1. Cut at least 2 feet (61cm) of thread.
You can use more than this depending on how much thread you need for your project. Keep in mind that you’ll be folding this in half, which is why you should start by pulling out about twice as much thread as you’ll need.
- For example, if you’re darning a sock, you might pull out 3 feet (91cm) of thread in order to work with a 11⁄2 feet (46cm) double-strand of thread.
2. Fold the thread in half and hold the ends together.
Pinch both of the thread ends together between your thumb and forefinger. This will fold the thread in half evenly so it’s a double strand.
Tip: You’ll have an easier time handling the thread and getting it through the needle if you’re working in a well-lit space. You can sit right next to a lamp to get the best lighting.
3. Push both ends of the thread through the eye of a needle.
Imagine you’re threading the needle as usual, but ensure that both ends of the thread go through the eye of the needle.
Then, take both ends between your thumb and forefinger and pull the thread until the needle is about 4 inches (10cm) from the loop end of the thread.
4. Pull the needle through the loop to make a tight knot.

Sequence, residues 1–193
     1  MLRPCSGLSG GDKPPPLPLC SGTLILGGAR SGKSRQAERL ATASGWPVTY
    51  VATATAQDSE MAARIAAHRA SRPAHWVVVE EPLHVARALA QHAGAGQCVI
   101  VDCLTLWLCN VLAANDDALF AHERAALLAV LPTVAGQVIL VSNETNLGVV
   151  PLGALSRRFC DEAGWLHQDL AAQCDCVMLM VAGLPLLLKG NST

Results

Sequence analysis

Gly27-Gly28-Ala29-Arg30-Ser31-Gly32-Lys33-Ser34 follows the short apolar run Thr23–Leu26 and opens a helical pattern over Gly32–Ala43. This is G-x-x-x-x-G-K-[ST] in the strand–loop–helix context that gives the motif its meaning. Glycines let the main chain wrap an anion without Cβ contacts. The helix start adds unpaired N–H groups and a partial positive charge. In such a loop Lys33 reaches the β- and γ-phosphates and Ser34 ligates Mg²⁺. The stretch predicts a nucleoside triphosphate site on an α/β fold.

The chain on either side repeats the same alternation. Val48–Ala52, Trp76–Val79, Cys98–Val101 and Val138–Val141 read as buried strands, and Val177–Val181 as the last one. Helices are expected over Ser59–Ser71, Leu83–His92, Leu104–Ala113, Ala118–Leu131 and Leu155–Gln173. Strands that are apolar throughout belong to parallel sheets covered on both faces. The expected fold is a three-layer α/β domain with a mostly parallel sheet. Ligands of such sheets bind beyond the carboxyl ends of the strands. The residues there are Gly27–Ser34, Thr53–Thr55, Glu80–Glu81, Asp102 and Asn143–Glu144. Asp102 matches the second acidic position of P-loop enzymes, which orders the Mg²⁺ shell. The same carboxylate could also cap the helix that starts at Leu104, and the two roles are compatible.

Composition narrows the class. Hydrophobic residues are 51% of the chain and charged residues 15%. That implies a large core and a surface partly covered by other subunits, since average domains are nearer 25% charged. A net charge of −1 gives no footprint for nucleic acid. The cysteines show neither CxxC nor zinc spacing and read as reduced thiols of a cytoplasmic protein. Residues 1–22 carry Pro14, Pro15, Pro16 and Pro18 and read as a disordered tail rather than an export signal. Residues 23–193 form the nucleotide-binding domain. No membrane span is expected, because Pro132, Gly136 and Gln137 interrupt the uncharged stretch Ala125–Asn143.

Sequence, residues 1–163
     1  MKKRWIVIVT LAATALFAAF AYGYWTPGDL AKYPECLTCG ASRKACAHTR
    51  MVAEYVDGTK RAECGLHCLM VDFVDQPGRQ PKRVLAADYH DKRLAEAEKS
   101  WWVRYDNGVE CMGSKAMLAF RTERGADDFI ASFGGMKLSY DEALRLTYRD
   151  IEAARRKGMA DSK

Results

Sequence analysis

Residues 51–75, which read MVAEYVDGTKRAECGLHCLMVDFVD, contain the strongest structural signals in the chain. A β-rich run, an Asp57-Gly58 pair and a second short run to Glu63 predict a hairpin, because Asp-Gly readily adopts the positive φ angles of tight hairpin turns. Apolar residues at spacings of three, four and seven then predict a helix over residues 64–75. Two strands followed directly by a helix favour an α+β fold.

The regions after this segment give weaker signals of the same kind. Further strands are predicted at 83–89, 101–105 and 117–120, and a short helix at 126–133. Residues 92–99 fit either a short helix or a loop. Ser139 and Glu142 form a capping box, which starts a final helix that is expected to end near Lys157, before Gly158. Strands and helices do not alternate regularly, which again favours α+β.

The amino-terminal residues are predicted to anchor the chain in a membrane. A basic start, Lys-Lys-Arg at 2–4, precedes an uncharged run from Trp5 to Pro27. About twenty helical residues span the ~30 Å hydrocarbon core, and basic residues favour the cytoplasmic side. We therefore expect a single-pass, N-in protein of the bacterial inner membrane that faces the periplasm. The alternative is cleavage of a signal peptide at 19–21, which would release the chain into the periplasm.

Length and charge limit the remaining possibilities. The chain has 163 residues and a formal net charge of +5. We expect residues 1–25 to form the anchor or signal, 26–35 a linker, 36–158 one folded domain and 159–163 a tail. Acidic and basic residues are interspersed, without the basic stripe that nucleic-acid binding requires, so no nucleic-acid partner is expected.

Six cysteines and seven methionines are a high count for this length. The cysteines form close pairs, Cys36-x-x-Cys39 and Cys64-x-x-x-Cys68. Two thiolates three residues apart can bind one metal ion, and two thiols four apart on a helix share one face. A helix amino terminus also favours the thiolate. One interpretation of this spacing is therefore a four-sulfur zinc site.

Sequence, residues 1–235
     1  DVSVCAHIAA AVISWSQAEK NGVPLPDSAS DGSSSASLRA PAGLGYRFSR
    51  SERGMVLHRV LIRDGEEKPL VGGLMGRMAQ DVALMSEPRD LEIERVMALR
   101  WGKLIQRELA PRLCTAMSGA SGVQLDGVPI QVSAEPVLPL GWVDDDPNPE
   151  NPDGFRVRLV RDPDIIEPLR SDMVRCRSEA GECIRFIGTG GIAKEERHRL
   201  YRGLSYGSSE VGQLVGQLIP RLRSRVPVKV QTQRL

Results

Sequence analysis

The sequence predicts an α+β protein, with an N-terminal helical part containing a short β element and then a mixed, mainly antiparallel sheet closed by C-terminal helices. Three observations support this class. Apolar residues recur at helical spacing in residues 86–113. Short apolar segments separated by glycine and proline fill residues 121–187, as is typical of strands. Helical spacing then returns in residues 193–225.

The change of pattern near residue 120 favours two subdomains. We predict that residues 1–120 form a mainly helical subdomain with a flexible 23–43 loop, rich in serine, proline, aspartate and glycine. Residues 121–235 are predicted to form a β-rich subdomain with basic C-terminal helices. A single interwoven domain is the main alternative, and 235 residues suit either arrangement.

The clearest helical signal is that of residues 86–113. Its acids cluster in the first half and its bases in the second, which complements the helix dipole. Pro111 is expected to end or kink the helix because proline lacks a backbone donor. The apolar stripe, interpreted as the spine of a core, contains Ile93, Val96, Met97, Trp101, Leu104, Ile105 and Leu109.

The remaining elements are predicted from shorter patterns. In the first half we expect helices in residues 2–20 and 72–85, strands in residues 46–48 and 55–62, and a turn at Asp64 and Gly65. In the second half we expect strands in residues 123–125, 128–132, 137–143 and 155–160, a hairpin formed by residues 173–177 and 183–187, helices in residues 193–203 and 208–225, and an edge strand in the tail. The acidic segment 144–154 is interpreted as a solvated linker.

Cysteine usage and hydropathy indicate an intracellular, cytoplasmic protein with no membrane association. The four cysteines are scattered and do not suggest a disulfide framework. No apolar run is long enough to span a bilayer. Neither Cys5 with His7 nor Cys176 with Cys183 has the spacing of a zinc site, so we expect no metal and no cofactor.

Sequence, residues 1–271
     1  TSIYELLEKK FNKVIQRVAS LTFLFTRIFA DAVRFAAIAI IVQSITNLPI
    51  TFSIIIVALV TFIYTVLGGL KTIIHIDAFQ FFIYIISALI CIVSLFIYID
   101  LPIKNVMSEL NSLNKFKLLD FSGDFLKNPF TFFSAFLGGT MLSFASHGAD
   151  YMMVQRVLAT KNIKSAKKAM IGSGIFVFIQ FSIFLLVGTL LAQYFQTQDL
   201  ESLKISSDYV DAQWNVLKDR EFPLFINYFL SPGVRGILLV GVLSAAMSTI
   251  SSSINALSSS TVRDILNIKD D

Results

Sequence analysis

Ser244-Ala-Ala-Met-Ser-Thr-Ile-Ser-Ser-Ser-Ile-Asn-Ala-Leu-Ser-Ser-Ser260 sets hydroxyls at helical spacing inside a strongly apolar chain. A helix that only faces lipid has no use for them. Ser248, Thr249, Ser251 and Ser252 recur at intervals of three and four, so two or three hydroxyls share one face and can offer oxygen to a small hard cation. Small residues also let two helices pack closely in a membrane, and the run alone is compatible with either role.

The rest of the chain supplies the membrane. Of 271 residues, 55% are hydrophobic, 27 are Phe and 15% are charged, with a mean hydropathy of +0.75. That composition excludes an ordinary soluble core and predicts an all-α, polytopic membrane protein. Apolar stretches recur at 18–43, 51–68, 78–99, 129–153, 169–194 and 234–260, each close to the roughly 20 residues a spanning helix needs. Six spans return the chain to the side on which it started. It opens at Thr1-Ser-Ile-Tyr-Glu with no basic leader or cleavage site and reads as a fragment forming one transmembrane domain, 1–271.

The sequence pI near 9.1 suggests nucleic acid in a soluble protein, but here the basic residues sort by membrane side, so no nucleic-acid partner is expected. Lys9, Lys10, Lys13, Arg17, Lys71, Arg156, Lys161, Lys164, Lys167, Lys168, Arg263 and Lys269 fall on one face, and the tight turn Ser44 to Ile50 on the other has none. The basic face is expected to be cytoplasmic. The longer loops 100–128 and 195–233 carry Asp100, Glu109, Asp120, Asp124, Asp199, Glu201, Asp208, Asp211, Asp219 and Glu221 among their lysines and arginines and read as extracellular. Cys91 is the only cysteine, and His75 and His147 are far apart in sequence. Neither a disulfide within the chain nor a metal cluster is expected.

Insert the needle through the middle of the thread loop and keep pulling the needle so the loop travels to the base of the needle. Tug on the needle a little so the loop tightens into a small knot at the base of the needle near the eye. Then, you can tie a knot at the end of the thread.
- Creating a small knot near the needle will prevent it from sliding around on the double-stranded thread while you’re sewing.
STEP 3: Securing a Knot
1. Wrap the thread end around your middle finger
Use your thumb to hold the loose thread end in place against your middle finger. Then, wrap the thread over your middle finger in order to make a complete loop of thread around the finger.
- If you used a double-strand of thread, keep them together and wrap both strands around your finger.
Tip: To create friction that makes it easier to tie the knot, lick your thumb and middle finger or dip it in a little water before you wrap the thread.
2. Roll the thread 2 to 3 times to create additional layers for the knot.
Keep the thread between your thumb and forefinger. Then, slowly roll your middle finger towards the base of your thumb.
- The thread should feel thicker between your fingers because you’ve wound it around itself.
3. Pinch the rolled thread between your fingers.
Instead of letting the rolled thread slip off your fingers, keep your thumb and middle finger firmly pressed down on the thread.
4. Pull the thread tightly to create the knot.
Keep your fingers clamped down on the thread while you use your other hand to pull the length of thread in the opposite direction. This will form the end of the thread into a knot.
Variation: If you’d like to make a neater knot, especially if you’re working with thick thread, you can insert the end of the thread through the loop that you wound around your finger. Loop it through another time and pull it to create a double overhand knot.